The Indian Judiciary has not specifically ruled on whether a pandemic like Covid-19 falls under ‘an act of God’ but there are a few decisions which provide support in this context. In the case of The Divisional Controller, KSRTC v. Mahadev Shetty[4], the Supreme Court held that the expression ‘Act of God’ means that the event has occurred because of the operation of natural forces and it is free from any sort of human intervention. It also stated that there is no excuse from the liability if the possibility of the happening of the event can be anticipated. The Madras High Court and the Kerala High Court have passed similar judgments in the case of P.K. Kalasami Nadar v. Ponnuswami Mudaliar[5] and R.R.N. Ramalinga Nadar v. V. Narayana Reddiar[6] respectively. 

Global Perspective on considering Pandemic as ‘Act of God’

In contrast to the Indian courts, the Courts in the United States of America and the United Kingdom have included a pandemic to come within the expression ‘Act of God’. The case of Lakeman v. Pollard[7] is related to a labourer who did not complete his work at the mill due to the cholera epidemic. He feared contracting the disease and thus left his job early. The Supreme Court at Maine held that the cholera epidemic could be said to be an Act of God and thus the labourer was not liable for breach of contractual obligation. In the U.K. law, in the case of Aviation Holdings Ltd. v. Aero Toy Store LLC[8] which was related to the event wherein the party could not deliver an aircraft because of the pandemic, the court held that this was within the catch all phrase of a force majeure clause.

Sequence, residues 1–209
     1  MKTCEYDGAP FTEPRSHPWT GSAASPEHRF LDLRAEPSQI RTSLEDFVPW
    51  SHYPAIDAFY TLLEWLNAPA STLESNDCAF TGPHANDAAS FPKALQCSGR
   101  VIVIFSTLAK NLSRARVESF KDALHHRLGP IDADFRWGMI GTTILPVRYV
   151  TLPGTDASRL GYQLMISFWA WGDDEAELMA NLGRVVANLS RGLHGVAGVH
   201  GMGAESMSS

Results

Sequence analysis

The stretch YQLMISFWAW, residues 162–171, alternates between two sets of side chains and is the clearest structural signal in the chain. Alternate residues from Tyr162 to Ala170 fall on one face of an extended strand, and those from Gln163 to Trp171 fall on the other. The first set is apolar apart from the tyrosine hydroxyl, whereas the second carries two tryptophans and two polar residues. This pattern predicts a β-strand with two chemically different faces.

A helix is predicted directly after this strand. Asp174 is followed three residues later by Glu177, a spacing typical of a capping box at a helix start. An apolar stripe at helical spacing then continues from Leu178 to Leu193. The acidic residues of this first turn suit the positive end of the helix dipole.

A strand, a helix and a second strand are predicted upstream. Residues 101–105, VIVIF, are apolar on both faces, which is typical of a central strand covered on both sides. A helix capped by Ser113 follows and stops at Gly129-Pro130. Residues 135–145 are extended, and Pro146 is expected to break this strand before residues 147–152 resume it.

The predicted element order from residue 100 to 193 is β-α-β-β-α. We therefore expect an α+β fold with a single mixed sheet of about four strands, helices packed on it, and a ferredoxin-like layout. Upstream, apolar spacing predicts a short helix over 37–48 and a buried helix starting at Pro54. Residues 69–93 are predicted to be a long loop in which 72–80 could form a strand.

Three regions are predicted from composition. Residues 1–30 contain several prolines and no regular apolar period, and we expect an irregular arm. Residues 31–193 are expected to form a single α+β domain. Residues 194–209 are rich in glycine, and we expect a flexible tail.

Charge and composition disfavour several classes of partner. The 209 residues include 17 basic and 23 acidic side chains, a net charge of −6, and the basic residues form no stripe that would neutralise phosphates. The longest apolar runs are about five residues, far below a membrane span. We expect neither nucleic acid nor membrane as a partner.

Also Read  Freddie Mac: The Accounting Scandal

Brief facts of the case -MEP Infrastructure Developers Limited v. South Delhi Municipal Corporation

The petitioner was the contractor of a highway development project and he was supposed to pay revenue to the respondent. He could collect toll on a stretch of the road as per the terms of the Toll Collection Contract and the revenue was to be paid for this. The petitioner failed to make the weekly revenue payment to the respondent after the declaration of the Covid-19 pandemic and the consequent lockdown restrictions. As a result of this lockdown, the petitioner could not generate any revenue from the toll and thus he defaulted on making any payment to the respondent. Vide the order dated March 2020, the petitioner was asked to pay the arrears in three monthly installments and not to default in the future weekly payments. Thereafter, the petitioner approached the Delhi High Court and claimed that because of the force majeure which is the Covid-19 pandemic, the performance of contact had become impossible[9]. There was an office memorandum by the Ministry of Finance which stated that any disruption due to the spread of the coronavirus in China or in any other country will be covered in the clause of ‘force majeure’. The circular also stated that the coronavirus pandemic may be considered a natural calamity and the force majeure clause may be invoked in case of disruption of business[10]